How Narcan Works


Sober Recovery Expert Author

Between 2010 and 2019, U.S. opioid-related deaths more than doubled - from just over 21,000 annual deaths in 2010 to nearly 50,000 deaths in 2019. [1]

Given that recently released data shows an almost 30% increase in overdose deaths [2] during the height of the COVID-19 pandemic - between December 2019 and December 2020 - there’s reason to worry that opioid deaths will mirror that trend. So, it’s fortunate we have an available solution to reverse opioid overdoses. It’s called Naloxone, and the branded version, known as Narcan, was FDA-approved in November 2015. In this article, we’ll discuss how Narcan works to restore breathing after an opioid overdose and if the availability of this drug tells us anything about the trajectory of the opioid epidemic.

Between 2010 and 2019, U.S. opioid-related deaths more than doubled - from just over 21,000 annual deaths in 2010 to nearly 50,000 deaths in 2019. [1] Given that recently released data shows an almost 30% increase in overdose deaths [2] during the height of the COVID-19 pandemic - between December

How Narcan Works to Prevent Opioid Deaths

To understand how Narcan works, it helps to first learn how opioids work.

Opioids like heroin, morphine, or oxycodone attach to the brain’s opioid receptors and activate them to produce chemicals that allow the individual to feel calm and euphoric. In the case of opioid overdose, the body goes into overdrive and slows down respiration to a dangerous degree. Without enough oxygen, the individual will first lose consciousness and then die.[3]

Narcan is known as an opioid antagonist, a superhero of sorts that can attach to those same opioid receptors that were affected when the individual used opioids. Narcan blocks the action of those opioids and reverses their effect, and in approximately five minutes, the individual will regain consciousness.[3]

How is Narcan Administered?

The two FDA-approved forms of Narcan can be administered either through injection or as a nasal spray. The injectable form can be injected into a muscle or a vein, but a trained medical professional should administer it.

The nasal spray is easier to use and is administered into one nostril while the individual lays on his or her back. Note that non-FDA-approved nasal sprays kits are available (also called improvised nasal sprays), but they aren’t absorbed into the bloodstream as effectively as the approved version.[4] It’s also reported that these improvised kits may require training to assemble and are especially difficult to put together under pressure of an emergency.

What Happens After an Individual is Given Narcan?

Even though it takes only a few minutes to regain consciousness after taking Narcan, the complete process of reversing the opioid overdose can take anywhere from 30 to 90 minutes.[3] Sometimes an individual will require multiple doses of Narcan to eliminate all the effects of the overdose.

After being treated with Narcan, the individual must be closely observed for a couple of hours to ensure that breathing has normalized. Also, those who have developed a physical dependence on opioids may experience withdrawal symptoms after taking Narcan. It’s best for the individual to be monitored by medical professionals who can provide symptom relief in the form of approved medications, such as methadone or buprenorphine.[5]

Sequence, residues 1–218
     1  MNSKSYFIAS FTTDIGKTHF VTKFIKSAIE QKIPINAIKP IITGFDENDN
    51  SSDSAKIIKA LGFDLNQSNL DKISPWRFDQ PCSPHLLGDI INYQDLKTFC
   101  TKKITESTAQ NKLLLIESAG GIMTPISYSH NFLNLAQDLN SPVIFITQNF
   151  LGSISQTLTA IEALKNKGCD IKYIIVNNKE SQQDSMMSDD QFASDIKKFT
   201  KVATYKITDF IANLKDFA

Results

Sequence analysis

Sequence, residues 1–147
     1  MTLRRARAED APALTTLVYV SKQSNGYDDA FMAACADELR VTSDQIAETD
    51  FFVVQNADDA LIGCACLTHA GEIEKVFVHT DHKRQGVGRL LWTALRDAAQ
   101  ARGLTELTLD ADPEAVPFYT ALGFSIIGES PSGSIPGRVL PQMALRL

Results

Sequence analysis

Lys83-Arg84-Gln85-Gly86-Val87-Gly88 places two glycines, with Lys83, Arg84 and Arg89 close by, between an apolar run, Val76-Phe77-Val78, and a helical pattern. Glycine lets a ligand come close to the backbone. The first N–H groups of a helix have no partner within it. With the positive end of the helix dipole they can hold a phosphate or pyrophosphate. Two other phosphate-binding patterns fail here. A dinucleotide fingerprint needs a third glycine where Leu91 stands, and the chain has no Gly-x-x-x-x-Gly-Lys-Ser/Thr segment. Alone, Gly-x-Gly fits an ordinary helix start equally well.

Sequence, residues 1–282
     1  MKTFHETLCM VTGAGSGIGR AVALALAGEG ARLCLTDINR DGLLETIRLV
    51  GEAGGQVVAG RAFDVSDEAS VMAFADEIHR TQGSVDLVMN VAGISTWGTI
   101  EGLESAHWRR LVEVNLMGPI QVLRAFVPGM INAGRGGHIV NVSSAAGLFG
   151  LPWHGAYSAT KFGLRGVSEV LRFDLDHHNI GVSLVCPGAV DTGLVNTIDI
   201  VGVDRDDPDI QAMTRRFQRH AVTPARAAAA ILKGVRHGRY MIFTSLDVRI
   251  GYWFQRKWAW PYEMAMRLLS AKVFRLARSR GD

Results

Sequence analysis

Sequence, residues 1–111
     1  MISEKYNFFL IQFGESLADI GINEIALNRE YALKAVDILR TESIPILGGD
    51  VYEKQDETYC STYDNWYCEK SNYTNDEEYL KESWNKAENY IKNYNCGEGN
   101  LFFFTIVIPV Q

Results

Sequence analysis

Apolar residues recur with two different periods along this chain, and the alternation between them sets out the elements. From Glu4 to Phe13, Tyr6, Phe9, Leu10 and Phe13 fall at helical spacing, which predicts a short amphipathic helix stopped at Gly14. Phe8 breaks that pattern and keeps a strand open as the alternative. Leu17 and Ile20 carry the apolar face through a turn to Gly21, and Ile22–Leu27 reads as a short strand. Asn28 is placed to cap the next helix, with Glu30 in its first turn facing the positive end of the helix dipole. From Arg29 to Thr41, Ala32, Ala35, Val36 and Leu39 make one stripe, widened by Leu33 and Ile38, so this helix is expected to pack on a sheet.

The Blessing and the Curse of Narcan

Naloxone drugs like Narcan can prevent deaths from opioid overdose, but they have no effect on opioid addiction.[3] It’s possible that the existence of a medication like Narcan may give some who are opioid-dependent a reason to avoid or prolong getting help because they know there’s a treatment available to save their lives if they happen to overdose.

For those who have been saved by how Narcan works to reverse an overdose, a near-death experience may motivate them to try to quit on their own. But without the support of an experienced team of addiction experts, attempts to quit may prove too difficult, and the individual will likely return to opioid use.

Beyond Narcan: How to Successfully Recover from an Opioid Use Disorder

Narcan can save lives, but addiction doesn’t disappear once the drugs are eliminated from the body.

Unless the individual learns how to manage life without the use of opioids, relapse is an almost inevitable outcome.

Medication-assisted therapy (MAT) combines the use of medicine, counseling, and various behavioral therapies to offer a holistic or “whole-patient” approach to addiction treatment and recovery. Medications can ease withdrawal symptoms immediately after stopping opioid use. But after the medication course is completed, individuals must take the next steps on their path to sobriety. Counseling and therapy are effective methods for understanding the root causes of the addiction, changing attitudes and behaviors about using, and learning the life skills necessary to cope without drugs.[6]

Rehab programs that use MAT can take place in either inpatient or outpatient settings, and treatment options are customized according to the unique needs of the individual. These programs also connect the patient to a support network, which is invaluable for accountability and remaining focused on goals.

Overall, MAT programs have been found to decrease opiate use, increase retention, help patients comply with the law, and assist them with finding and holding onto a job.[7] It’s not easy to recover from opioid use and maintain sobriety. But with a knowledgeable and supportive network in place, there’s a greater chance of achieving long-term sobriety.









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